he obtained a National Research Council grant, tenable in
New York or overseas. He chose Manchester, England, where
a new medical contingent consisted of ex-WWll medical people
who had served in the war. They were involved in a study of
the role of sodium in the human responses to fighting in the
tropics and the adaptations to changes in environmental temperature.
He studied the effects of salt depletion and kidney function
in those suffering from heat-related illnesses. These studies
were reported to the British Research Council in London and
it garnered interest from health professionals from all over
returning to Winnipeg, a couple years later, he began work
in the U of M Department of Physiology, based in the Health
Sciences Centre, teaching salt, water and renal function to
time, both major hospitalsSt. Boniface and Health Sciences
Centrewere just setting up intensive care centres. Patients
not responding to initial therapy were frequently sent to
Dr. Thomson, as he had the reputation as being that
guy in physiology who does salt, water and kidneys.
They felt if anybody could help these patients, he could.
was then hired to set up an Investigation Unit at Deer Lodge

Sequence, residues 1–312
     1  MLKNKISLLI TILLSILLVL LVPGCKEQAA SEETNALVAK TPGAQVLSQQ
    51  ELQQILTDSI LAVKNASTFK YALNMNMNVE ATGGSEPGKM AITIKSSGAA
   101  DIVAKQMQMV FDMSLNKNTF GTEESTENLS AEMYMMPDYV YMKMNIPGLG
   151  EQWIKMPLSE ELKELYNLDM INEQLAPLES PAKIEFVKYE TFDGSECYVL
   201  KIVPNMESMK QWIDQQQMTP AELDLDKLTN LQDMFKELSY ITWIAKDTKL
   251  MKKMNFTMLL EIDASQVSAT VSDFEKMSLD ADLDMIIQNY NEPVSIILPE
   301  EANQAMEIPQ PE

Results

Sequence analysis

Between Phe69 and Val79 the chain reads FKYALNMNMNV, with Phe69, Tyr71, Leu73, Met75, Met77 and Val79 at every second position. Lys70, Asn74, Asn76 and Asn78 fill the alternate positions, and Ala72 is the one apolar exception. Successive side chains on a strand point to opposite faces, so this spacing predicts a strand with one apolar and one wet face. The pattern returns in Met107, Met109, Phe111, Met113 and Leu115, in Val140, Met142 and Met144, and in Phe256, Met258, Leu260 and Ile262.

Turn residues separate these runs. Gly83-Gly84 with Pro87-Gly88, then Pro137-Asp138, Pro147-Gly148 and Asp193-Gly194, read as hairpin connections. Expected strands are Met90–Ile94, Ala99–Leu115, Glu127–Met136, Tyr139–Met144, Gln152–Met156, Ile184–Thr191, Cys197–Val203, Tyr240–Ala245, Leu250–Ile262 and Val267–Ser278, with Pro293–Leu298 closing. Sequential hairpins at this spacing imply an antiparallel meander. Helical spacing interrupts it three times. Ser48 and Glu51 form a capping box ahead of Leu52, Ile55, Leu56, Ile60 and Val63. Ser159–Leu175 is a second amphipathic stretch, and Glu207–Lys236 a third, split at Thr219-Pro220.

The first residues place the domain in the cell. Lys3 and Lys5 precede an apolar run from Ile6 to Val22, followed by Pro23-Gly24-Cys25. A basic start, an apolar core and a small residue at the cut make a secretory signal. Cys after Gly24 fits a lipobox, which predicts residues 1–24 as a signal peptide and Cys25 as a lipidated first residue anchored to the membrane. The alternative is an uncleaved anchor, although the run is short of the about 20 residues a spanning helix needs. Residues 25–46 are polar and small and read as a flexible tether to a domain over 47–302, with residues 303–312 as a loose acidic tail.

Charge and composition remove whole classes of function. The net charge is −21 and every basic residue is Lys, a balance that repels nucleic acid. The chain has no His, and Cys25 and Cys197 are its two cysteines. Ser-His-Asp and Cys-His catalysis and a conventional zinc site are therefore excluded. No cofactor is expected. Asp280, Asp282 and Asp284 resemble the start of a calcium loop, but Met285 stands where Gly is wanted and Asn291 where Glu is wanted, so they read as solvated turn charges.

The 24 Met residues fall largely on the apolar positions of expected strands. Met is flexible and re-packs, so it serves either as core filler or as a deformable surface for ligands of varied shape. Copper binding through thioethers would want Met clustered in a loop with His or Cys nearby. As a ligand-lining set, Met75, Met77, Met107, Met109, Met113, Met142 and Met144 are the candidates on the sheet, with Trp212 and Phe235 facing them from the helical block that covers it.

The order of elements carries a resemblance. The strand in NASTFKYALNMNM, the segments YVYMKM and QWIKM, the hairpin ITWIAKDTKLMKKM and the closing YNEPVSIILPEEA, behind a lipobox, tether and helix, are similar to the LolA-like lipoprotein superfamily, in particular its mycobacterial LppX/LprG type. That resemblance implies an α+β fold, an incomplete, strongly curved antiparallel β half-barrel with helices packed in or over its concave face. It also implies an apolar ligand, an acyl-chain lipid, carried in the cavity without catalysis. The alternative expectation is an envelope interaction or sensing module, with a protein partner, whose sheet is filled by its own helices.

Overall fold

Centre for the Dept. of Veteran Affairs to treat mainly ICU
patients with acute kidney (renal) failure. People with renal
failure generally can survive for about a week on a high carbohydrate
and fat diet with no protein or salt. With this moose
milk concoction, the body didnt generate as many
toxic bi-products and with the lack of salt, the body didnt
retain as much fluid.
knew there needed to be a better solution. He was aware of
a Dutch researcher who successfully treated patients with
a room-size dialysis machine. They were already dialyzing
in Montreal and the U.S., he says. The technology of
dialysis was not new. It had been extensively studied in 1850,
but was never tested on humans until the early forties. He
decided to build one of his own. In 1954, with the help of
a technician, they fashioned together some spare partsa
chrome-plated sterilizer, some copper tubing, a couple of
washing machine motors and a cellophane membraneand
constructed Manitobas first ever dialysis machine. Positive
results were immediate. Today, dialyzers are much smaller
and with modern surgical proceduresartificial shunts
and joining arteries to veins for needle access to blood supplydialysis
opened up to people with long-term or permanent renal failure.
Before, blood vessels could not handle the prolonged use of
needles. People generally dialyze three days a week and two
large needles are inserted each time, causing scarring.
to various sources, the first kidney transplant in the U.S.
was performed in 1950. Anti-rejection medication (immunosuppressants)
was not developed yet, so it was unsuccessful. In 1954, an
attempt with identical twins was